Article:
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Questions to Ask Your Australian Shepherd Breeder

 

If it is a legitimate breeder that knows what they are doing, they should have no problem answering a few questions for you. Think of this as your screening process to ensure you get your dog from a reputable breeder. The first thing you want to ask to see is the pedigree of the puppy that you are interested in. They need to be able to show you that the parents are indeed licensed by the ASCA and go back three or more generations. This will not guarantee that you have a prize winning dog, but it will help point you in the right direction.

You can also ask them for the numbers of people that have recommended or bought from them in the past. Usually breeders will keep a list of references out of some of their past customers that they should be more than willing to show you. The next part is where you should ask any other questions you have about the dog or their process. If they are not willing to sit with you and answer all of your questions without getting frustrated or dodging questions, then you might want to move on to the next breeder on your list.

Next Comes The Price

Keep in mind that the puppy is not going to come cheap if it comes from a quality breeder and is a quality puppy. You should also keep in mind that this is just an initial up front cost and it will cost a whole lot more over the dog’s lifespan. Most breeders are willing to negotiate a little on the price, but they do take pride in their work. This means that if you come at them with a low ball offer, you are probably going to be shown where the exit is. Take it seriously and negotiate a price seriously.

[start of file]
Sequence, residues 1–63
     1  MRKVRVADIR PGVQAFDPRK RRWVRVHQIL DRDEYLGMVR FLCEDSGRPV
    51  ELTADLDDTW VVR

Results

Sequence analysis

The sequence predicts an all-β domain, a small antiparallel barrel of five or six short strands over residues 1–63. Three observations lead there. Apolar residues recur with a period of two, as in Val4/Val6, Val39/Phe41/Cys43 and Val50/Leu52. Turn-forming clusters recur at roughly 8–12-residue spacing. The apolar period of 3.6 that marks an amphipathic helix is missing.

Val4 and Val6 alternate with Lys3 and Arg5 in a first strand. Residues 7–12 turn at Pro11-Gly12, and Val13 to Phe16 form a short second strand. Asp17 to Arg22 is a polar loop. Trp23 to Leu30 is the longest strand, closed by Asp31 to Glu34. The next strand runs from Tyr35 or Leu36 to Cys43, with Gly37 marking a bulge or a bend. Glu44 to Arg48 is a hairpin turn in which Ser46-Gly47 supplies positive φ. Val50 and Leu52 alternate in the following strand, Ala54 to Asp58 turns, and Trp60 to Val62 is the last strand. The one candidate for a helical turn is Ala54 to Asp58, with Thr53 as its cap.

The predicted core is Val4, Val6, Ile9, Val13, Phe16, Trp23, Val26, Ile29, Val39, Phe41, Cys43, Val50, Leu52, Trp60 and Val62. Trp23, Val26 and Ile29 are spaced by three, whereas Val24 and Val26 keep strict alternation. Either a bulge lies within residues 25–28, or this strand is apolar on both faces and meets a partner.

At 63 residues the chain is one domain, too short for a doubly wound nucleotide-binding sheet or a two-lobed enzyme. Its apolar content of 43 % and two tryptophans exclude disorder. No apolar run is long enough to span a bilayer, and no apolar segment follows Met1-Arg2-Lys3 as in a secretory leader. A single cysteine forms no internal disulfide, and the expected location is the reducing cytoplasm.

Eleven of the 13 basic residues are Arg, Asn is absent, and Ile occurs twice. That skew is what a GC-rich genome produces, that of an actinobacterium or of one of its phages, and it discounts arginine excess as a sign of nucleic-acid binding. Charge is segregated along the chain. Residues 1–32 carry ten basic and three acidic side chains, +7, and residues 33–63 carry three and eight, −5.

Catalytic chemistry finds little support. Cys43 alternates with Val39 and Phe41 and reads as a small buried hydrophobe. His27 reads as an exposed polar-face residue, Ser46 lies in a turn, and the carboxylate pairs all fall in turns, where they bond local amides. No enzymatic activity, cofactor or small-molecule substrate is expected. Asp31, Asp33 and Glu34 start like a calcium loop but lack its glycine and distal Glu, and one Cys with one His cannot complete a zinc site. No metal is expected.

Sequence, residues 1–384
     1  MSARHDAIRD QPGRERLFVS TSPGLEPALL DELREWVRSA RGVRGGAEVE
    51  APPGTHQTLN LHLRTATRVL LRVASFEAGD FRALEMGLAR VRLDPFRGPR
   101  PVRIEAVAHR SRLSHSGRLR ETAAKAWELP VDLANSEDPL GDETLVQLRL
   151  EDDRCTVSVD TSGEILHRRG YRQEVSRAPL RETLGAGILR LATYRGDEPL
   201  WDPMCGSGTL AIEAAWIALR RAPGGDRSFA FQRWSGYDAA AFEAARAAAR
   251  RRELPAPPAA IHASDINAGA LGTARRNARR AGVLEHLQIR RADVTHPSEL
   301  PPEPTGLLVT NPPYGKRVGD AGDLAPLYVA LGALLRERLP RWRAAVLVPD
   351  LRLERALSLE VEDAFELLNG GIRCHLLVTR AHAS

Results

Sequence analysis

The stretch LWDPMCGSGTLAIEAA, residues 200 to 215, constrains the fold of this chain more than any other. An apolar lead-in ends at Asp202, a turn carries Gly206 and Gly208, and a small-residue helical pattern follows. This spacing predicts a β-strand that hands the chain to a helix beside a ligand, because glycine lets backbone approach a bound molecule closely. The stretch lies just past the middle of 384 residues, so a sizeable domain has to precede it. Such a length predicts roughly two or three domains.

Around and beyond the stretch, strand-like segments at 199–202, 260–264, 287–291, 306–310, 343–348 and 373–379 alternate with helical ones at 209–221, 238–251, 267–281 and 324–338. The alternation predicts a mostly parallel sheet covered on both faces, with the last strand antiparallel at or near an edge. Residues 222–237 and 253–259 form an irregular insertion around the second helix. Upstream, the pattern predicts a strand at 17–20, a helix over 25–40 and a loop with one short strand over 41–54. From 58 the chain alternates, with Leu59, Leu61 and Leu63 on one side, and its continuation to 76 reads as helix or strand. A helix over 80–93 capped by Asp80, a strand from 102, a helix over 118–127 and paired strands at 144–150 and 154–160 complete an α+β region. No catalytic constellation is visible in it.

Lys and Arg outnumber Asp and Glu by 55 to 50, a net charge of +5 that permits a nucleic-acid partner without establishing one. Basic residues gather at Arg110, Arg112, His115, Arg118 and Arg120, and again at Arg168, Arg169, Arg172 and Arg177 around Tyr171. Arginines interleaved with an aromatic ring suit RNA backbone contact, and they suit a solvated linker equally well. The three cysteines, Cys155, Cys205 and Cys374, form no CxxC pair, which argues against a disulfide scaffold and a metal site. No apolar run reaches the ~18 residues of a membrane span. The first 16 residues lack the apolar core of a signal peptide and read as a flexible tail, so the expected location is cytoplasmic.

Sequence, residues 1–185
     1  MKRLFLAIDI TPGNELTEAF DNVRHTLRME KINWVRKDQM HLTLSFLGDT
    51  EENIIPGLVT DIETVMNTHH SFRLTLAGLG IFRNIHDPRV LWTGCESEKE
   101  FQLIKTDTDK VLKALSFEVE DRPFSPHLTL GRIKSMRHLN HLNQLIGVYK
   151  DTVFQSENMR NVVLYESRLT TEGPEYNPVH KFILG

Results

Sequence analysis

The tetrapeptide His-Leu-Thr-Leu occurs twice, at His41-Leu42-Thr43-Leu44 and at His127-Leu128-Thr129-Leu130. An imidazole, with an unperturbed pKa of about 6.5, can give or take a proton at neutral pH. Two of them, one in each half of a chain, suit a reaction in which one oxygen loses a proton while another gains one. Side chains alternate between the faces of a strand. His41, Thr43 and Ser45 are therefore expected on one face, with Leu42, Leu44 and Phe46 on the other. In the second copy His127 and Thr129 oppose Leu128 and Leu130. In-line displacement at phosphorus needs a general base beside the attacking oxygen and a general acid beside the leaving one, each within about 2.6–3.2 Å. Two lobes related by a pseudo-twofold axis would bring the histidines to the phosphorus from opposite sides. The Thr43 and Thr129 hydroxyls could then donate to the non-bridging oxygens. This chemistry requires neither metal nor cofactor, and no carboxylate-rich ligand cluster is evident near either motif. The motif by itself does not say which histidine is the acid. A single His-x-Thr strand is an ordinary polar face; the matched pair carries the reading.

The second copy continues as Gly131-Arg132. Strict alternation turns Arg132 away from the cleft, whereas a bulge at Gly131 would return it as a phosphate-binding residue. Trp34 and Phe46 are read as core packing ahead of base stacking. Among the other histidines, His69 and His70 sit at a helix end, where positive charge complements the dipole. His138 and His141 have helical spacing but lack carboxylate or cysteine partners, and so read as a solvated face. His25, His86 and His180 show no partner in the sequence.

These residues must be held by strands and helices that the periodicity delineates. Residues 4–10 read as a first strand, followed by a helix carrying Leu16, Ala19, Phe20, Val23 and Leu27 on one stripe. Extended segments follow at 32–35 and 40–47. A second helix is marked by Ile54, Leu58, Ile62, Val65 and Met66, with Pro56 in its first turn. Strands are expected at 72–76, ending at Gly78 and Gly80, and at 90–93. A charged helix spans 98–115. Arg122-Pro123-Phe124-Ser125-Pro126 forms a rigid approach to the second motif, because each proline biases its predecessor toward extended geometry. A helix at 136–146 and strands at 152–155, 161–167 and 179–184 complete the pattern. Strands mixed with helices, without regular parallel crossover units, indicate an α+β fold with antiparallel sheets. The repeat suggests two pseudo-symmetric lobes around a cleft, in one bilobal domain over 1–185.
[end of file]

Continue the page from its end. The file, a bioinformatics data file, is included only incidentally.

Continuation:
What Should The Breeder Give Me?

Once you have received your paperwork, such as the health record, clearances for the parents, and the pedigree, your next question should be to find out if the parents are free of hip Dysplasia. They should be able to find out by having the certificate from the OFA. If they have no clue what the OFA is, that should be a red flag and you need to get as far away from this breeder as you can. Some breeders will try and say that they know their parents don’t have it because they look perfectly fine. Don’t let them talk down to you. Sometimes hip Dysplasia can only be found in the X-rays.

You should also find out if both of the parents have had their eye exams as well. They should have a certification within the past year from the CERF that proves they have. The breeder should be able to provide you with the papers that prove their puppies parents were cleared by both the CERF and the OFA. If they are not able to produce this, you should not hand over a penny or sign any contract they give you.

There are a lot of things that are gonna be thrown into contract form, and it is vital that you sit and read through all of it if they have a prepared contract, which they should. They should be able to provide a guarantee that if the puppy develops a hereditary disease that you can come back for a full refund or a replacement dog. Breeders might also provide guarantees for those vaccinations that they have already had. In most cases, it is best to have a few days in which you can have time to get the dog checked out by a veterinarian. Then if the dog doesn’t pass a simple exam, you can take them back for a refund or replacement dog as well.

Any breeder that is labeled a “quality” or “reputable” breeder will have some expectations from you and will not just give a puppy to anyone. Often times the breeder will expect you to provide proper socialization and nutrition for the dog too. They want to make sure that it is going to a good home and at the same time protect themselves from you bringing the dog back if it was something that you did that led to the problems the dog is having. You may also want to sit with the breeder and have a chat about the behaviors of this dog and how you should bring it up. After all, they are going to know better than anyone how to properly raise a dog of this breed. Soak up their knowledge and apply it.

 

 

 
 
 
 
 
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